We just went over your viral carrier in the last chapter. It only stands to reason that the next step would be to make that carrier more effective. So that’s exactly what we’re about to do with a viral branching tune up.
But before we get tangled up in that, let’s do a quick recap. We started with the basics and analyzed the 12 different types of viral marketing. We then rolled up our sleeves and started Creating Your Viral Engine in 15 Steps. So far we’ve made it through five, which has included:
Pretty awesome. You’ve made it this far, and for that Viral Panda salutes you. But just like with anything in the growth realm, optimization never ends.
One Critical Micro-KPI of Viral Growth
One of the key performance indicators, or KPIs, that can help you amplify your viral growth in a big bad way is the number of invites sent out per user on average. Which we lovingly refer to as “i“.
Your viral growth over time can be determined by combining this metric with two other key players:
- Conversion rate on those invites (aka conv%)
- The “Cycle Time” – or amount of time it takes for each viral loop to happen (aka ct)
Each one of these KPIs have smaller, micro-KPIs that go into calculating them. For your i value, one thing that goes into calculating how many invites are sent by each user on average, is the average number of invites the average user sends out each time they send any invites at all. (Try saying that 10 times fast.)
This is called your branching factor – and it’s one of the quickest ways to increase i.
Types of Viral Branching
Your users have a short attention span. The more work you require them to do to complete a task, the fewer will complete it.
It’s not that your product necessarily sucks, or that your reward incentives are too low, it’s that you’re battling against the rest of their lives. Your users are busy people. They have other things they need to do that require their utmost time and attention. Like binge watching Netflix, or trying to figure out what they should binge watch on Netflix next.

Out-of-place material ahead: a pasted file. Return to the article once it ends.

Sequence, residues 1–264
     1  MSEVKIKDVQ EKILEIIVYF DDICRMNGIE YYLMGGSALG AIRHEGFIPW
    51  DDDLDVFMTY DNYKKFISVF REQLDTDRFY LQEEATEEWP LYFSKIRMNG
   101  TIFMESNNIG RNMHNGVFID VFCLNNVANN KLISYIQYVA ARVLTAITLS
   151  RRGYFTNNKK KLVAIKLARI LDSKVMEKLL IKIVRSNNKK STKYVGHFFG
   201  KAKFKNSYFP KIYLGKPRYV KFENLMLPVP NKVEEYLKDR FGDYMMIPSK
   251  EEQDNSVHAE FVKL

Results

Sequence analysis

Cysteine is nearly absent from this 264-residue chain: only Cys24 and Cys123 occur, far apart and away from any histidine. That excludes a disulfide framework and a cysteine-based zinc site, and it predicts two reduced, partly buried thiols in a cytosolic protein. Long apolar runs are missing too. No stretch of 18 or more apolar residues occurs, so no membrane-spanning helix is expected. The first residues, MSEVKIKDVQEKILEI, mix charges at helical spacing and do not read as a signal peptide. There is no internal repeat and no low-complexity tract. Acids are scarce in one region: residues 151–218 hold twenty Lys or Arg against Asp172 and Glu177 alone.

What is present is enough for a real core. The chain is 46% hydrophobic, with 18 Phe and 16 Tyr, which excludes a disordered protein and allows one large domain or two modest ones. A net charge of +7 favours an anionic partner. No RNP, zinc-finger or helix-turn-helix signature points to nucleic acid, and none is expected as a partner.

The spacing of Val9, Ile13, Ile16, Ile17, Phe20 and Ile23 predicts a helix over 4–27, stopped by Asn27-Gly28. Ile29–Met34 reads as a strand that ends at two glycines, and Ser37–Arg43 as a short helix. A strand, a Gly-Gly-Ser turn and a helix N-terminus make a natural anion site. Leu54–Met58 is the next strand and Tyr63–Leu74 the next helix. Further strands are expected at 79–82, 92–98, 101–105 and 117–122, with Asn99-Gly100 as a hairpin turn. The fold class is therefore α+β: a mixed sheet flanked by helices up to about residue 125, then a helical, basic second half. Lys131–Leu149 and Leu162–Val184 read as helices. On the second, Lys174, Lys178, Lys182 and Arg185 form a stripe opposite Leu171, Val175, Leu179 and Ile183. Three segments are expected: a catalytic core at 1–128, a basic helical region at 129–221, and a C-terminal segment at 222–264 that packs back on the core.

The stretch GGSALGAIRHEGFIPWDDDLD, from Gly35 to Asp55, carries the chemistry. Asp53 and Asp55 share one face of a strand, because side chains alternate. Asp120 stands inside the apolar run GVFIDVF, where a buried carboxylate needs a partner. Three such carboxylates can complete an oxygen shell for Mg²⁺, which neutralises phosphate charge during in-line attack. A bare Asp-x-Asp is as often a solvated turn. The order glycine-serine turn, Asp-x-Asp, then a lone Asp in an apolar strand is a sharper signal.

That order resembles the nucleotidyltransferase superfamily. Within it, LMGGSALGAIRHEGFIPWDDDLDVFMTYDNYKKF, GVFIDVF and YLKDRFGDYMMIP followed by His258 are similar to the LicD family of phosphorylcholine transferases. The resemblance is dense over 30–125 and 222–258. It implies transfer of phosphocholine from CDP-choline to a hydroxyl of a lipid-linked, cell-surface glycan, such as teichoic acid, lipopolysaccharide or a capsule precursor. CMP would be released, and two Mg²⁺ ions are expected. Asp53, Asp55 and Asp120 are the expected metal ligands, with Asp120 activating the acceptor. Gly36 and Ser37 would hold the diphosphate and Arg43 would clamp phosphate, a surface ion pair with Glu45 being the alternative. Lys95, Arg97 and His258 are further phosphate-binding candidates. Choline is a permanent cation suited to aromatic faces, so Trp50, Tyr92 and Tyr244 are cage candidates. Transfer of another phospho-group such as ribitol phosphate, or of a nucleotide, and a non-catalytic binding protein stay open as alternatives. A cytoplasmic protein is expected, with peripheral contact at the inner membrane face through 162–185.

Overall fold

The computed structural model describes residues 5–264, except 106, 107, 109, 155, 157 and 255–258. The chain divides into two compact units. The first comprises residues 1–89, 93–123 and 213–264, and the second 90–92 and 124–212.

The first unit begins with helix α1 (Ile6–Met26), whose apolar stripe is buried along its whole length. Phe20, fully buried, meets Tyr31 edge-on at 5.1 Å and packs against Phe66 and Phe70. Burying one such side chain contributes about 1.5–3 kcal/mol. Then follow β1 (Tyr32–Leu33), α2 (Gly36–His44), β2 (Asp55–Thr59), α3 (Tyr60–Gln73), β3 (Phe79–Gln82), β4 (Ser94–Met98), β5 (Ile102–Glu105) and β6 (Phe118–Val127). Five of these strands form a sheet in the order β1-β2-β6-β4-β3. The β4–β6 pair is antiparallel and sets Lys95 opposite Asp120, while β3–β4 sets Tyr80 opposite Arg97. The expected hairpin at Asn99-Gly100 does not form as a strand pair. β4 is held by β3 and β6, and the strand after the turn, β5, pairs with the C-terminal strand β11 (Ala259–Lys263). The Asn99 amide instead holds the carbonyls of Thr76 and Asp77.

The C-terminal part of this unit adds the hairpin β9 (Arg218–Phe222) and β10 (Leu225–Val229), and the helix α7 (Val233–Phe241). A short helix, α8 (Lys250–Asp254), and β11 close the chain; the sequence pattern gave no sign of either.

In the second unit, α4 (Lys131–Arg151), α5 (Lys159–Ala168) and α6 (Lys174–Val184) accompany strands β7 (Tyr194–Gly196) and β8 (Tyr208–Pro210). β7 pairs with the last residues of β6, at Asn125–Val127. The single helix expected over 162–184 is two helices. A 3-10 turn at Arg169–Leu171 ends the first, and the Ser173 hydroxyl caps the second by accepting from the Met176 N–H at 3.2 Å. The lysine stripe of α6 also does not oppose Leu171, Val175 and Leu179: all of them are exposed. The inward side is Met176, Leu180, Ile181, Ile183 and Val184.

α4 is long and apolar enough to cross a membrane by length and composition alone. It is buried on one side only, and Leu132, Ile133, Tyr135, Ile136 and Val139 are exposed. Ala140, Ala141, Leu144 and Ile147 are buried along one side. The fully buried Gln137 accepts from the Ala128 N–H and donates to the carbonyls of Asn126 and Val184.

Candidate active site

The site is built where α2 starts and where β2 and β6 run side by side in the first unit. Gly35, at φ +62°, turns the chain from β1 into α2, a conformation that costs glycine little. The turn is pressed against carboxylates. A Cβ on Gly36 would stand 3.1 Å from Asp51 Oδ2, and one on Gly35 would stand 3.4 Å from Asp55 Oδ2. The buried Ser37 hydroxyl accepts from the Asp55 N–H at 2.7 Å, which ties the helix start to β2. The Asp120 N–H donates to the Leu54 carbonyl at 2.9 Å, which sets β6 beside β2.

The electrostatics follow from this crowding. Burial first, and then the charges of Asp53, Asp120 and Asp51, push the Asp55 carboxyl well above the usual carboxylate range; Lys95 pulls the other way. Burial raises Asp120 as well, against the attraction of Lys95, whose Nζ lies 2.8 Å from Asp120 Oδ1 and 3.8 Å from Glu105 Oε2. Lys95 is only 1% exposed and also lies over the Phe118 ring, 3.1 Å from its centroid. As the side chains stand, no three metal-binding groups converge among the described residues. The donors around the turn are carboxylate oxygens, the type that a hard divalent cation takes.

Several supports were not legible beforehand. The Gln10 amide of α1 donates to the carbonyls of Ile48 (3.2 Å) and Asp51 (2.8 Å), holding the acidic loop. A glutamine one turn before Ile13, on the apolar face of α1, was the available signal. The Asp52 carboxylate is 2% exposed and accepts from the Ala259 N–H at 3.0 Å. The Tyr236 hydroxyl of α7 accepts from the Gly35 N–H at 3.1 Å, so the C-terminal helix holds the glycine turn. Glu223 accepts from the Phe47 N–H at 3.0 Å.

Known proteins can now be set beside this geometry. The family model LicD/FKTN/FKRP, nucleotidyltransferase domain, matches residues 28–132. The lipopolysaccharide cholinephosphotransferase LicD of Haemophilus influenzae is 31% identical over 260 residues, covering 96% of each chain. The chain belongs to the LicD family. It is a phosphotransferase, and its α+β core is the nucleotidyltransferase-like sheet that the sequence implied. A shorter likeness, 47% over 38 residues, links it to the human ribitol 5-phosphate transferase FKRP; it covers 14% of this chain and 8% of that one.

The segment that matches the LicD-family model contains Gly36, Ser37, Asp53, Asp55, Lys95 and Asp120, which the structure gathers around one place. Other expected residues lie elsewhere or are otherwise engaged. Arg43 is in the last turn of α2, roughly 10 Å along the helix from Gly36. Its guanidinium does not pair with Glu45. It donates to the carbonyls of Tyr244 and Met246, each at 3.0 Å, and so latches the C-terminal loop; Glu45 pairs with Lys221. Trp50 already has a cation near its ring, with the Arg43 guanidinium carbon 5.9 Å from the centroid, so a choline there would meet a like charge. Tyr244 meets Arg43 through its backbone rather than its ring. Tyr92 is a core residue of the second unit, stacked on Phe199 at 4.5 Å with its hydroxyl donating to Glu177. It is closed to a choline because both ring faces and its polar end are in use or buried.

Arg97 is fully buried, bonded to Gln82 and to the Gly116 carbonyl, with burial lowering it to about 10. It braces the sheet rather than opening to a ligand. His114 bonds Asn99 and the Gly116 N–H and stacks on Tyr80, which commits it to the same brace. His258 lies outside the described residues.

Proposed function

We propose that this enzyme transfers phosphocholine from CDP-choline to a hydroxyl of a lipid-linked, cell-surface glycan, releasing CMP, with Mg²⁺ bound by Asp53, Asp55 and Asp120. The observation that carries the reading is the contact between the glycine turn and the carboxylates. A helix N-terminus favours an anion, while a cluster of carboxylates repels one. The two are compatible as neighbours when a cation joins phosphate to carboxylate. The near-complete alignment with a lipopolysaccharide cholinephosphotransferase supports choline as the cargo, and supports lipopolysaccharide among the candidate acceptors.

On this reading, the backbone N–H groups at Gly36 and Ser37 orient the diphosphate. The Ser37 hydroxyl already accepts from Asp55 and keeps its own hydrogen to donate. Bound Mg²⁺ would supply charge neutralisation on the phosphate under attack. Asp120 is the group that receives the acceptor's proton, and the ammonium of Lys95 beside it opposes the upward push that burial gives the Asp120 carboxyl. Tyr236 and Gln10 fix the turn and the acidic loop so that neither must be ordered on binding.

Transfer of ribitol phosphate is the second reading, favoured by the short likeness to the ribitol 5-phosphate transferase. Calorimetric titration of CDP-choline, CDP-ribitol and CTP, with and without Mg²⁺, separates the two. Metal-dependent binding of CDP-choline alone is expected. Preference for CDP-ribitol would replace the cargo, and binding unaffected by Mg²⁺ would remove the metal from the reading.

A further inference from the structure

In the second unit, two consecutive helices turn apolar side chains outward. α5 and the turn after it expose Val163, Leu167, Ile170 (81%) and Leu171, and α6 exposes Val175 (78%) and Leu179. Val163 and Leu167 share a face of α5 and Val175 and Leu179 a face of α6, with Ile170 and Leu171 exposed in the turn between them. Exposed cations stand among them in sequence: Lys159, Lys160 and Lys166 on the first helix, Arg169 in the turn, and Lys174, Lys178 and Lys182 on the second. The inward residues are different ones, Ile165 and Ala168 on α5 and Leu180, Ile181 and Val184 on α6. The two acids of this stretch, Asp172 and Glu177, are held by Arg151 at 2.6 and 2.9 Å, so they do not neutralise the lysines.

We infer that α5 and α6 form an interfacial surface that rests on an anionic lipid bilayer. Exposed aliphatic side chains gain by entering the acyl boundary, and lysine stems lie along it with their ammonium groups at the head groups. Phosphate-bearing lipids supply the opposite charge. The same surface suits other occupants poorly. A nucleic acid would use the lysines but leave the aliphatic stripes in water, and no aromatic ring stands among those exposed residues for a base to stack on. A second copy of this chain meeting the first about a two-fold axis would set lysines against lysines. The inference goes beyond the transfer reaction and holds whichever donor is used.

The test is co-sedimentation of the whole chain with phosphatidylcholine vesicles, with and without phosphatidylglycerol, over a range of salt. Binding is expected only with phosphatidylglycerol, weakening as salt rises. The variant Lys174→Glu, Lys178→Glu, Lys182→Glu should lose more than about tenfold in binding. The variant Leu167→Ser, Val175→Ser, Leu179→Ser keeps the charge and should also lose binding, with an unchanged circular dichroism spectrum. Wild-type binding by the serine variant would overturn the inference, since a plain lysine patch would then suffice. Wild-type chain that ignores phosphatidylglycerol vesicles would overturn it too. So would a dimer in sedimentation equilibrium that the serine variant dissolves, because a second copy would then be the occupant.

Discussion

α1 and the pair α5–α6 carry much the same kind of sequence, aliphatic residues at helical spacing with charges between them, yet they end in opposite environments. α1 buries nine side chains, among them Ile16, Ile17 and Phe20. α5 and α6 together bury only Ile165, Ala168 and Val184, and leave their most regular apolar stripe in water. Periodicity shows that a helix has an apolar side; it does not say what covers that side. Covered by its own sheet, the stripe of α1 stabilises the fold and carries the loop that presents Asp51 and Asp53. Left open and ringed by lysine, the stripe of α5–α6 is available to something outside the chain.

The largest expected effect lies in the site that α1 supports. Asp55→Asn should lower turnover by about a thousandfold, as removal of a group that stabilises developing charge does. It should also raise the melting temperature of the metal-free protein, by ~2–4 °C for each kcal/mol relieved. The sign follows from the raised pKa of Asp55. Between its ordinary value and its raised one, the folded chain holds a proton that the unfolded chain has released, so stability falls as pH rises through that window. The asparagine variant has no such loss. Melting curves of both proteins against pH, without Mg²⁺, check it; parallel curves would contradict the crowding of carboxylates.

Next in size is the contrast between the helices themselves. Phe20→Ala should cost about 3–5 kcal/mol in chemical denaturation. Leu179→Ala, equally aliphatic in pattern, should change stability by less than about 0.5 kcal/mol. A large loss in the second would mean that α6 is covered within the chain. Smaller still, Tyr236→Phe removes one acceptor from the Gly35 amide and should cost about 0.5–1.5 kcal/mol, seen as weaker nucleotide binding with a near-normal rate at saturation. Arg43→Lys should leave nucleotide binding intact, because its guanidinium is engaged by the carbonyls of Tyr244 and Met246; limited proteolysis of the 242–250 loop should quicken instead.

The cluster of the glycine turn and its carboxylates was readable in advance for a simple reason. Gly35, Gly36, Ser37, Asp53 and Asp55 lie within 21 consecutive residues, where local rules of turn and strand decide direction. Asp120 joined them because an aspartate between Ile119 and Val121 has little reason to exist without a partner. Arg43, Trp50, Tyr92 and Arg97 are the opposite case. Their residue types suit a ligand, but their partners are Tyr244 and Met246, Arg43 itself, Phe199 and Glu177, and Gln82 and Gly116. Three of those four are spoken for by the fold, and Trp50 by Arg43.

Therefore, if your invite process is too time consuming or labor intensive, your branching factor – and your i value – will be minimal.
So what can you do?
Say you’ve analyzed the data and have seen that a good percentage of users will invite one friend. That’s a fine place to start. Knowing that at least some of your users are willing to invite at least one friend tells you that your process isn’t too time consuming or intense.
But why stop there? Why not try injecting a different invite flow that requires the same amount of time or work from the user, but allows them to invite multiple friends in one shot?
This is called selection branching.
It comes from doing things like replacing a good ole fashioned email invite flow where users manually enter friends’ emails into a field, to a bulk invite option for their entire address book.
You don’t need to completely replace the single entry email field for those users who would prefer it. But having the option of selecting from an address book or Gmail contacts list would make inviting 50 friends as easy as inviting one.